An intriguing, good reference site for citizens and consumers wanting to stay
on top of both sides of the GM foods controversy. It collects timely news on
the debate, latest reports and articles on agricultural biotech issues--from
technical analyses to environmental impacts, health risks, crop segregation and
regulation. Check the Consumer Choice section to gauge the wide
range of information here.
Just two examples of smart content AgBioTech has captured:
· a Washington Monthly April '01 article analyzing the U.S. patent office's
ability to meet the new legal and public interest issues raised by the
· And the National Academy of Science's April 2000
report on the safety of crops engineered for pest resistance.
And readers from both sides of the GMO
debate can subscribe to AgBioTech's free Daily Brief, which reports news in
the biotech food debate as well as a Weekly summary of GM Food news artilces
The newsletter is free; no ads, no sponsors.
Be better prepared for reading articles and reports on genetically modified organisms
(GMO); browse the Center's biotechnology and food glossary of terms.
To glimpse the scale of current genomic research and the major areas where
biotechnology has a significant impact (agriculture, animal, microbial science,
entomology and sustainability; medicine and veterinary medicine including
therapeutics, diagnostics and pathology; food science; bioprocess technology
and environmental science), the University of California is a good starting
reference point. Davis is one of the world's leading institutions for life science research.
This U.S. agency lists some good, frequently asked questions pertaining to genetically modified
This U.S. regulatory agency offers a small selection of press releases, FDA
statements, records of public meetings and the FDA's response to a lawsuit
(since dismissed) over the FDA's regulation of GM foods. An interesting section
is: "Are Bioengineered Foods Safe?". It's an interview with FDA
Commissioner Jane Henney, M.D., geared to the consumer.
Note: this site is not
updated; content is only from 1999 and 2000.
The Alliance, comprised of food producing organizations, offers a clear,
concise case on their web site for why the world is better off for having the
benefits of biotechnology in the production of food.
This organization presents a good range of information supporting biotechnology
and its applications. Its "Issues and Policies" section updates state and
national legislative initiatives, actions and how to get involved in advocating
for biotechnology. A separate 'Genomics' section has its own "Issues and
Monsanto, a leading life sciences corporation, runs this site to educate on biotechnology issues and developments. Its sections of content
include a "FAQ" area; a "Timeline" on biotech research (the first
transgenic plant was a tobacco plant resistant to antibiotics) ; and a
"Knowledge Center" which has biotechnology news and updates for different parts of
DuPont, another leading corporation involved in agricultural biotechnology, offers a range of material on the subject. There's a primer on the science,history, policy and potential of food biotechnology in the "Intro to Biotech" section, as well as perspectives from a few political leaders on the debate. In the "FAQs" area of the site, Dupont outlines how it is addressing the concerns about GM food. A "Message" section allows visitors to get answers from Dupont to emailed questions and comments.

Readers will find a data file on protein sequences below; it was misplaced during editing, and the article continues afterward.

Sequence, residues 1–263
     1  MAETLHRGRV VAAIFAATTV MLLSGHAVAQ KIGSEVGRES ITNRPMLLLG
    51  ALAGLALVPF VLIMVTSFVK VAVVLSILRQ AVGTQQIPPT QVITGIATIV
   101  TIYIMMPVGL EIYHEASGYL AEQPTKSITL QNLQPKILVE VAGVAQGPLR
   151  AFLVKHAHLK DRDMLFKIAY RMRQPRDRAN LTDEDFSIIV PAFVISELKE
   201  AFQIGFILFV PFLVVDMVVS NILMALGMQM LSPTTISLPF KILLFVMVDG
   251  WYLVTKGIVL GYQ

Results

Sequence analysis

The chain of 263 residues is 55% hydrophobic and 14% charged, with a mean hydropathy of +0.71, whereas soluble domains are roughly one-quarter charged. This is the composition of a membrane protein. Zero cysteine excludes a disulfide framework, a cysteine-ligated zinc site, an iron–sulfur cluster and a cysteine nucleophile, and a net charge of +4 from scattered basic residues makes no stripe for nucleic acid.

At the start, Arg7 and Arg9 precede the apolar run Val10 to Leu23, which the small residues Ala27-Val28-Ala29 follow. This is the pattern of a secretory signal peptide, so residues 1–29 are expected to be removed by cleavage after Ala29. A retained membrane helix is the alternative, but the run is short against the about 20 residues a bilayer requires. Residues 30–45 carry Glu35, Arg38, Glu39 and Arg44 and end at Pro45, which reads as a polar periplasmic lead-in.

This group offers information, resources and how to get involved in
pressuring Congress to take action on labeling genetically modified food.
There's a section on how much GM food has already entered the U.S. food
supply and information on possible allergen risks and what to look for.
This public interest law firm is challenging the lack of adequate U.S. regulations on
genetically engineered food and initiated lawsuits against
the FDA for not labeling GM food.
CFS has written a Critique of The Food and Drug
Administration's New Proposal on Genetically Engineered Foods. (The FDA released its new proposal Jan 17,
2001; the public comment period expired April 3, 2001.)
This organization seeks a moratorium on GM foods. Its site is a good primer
on all the anti-GMO issues and easy to understand for those with
The contents of Greenpeace's site offers dozens of
pages of information on the fears and hazards of GM foods, plus a section on
news and taking action against biotech foods, and a GM-free Shopping List with
advice on how to avoid biotech food.
Over 30 farmer organizations endorsed
this coalition's Farmers' Declaration on Genetic Engineering in Agriculture. The
Declaration summarizes why the farmers' groups oppose GM crops and the
patenting of GM seeds by biotech companies and calls for more research into the
social, environmental and health risks, and mandatory labeling of GM
A 1999 Scientific American magazine article summing up the controversy over genetically modified
food, the major companies involved in this technology and short overviews of the two sides of the debate, with links.
This April 2000 issue of the magazine offers some opinionated anti-GMO food articles.
A Mother Jones magazine cover story on the government's rush to approve
GM foods, and the questions many feel were left unanswered.
An op-ed piece in The Economist summarizing both sides of the GM food issue, why much of the fear is unfounded,
and what government and corporations must do to gain public support of this technology.
A Salon.com article which tells the story of a lawsuit filed in the late 1990s against the FDA. The litigation turned
up internal documents revealing that some of the agency's scientists have doubts about the
safety of GM food.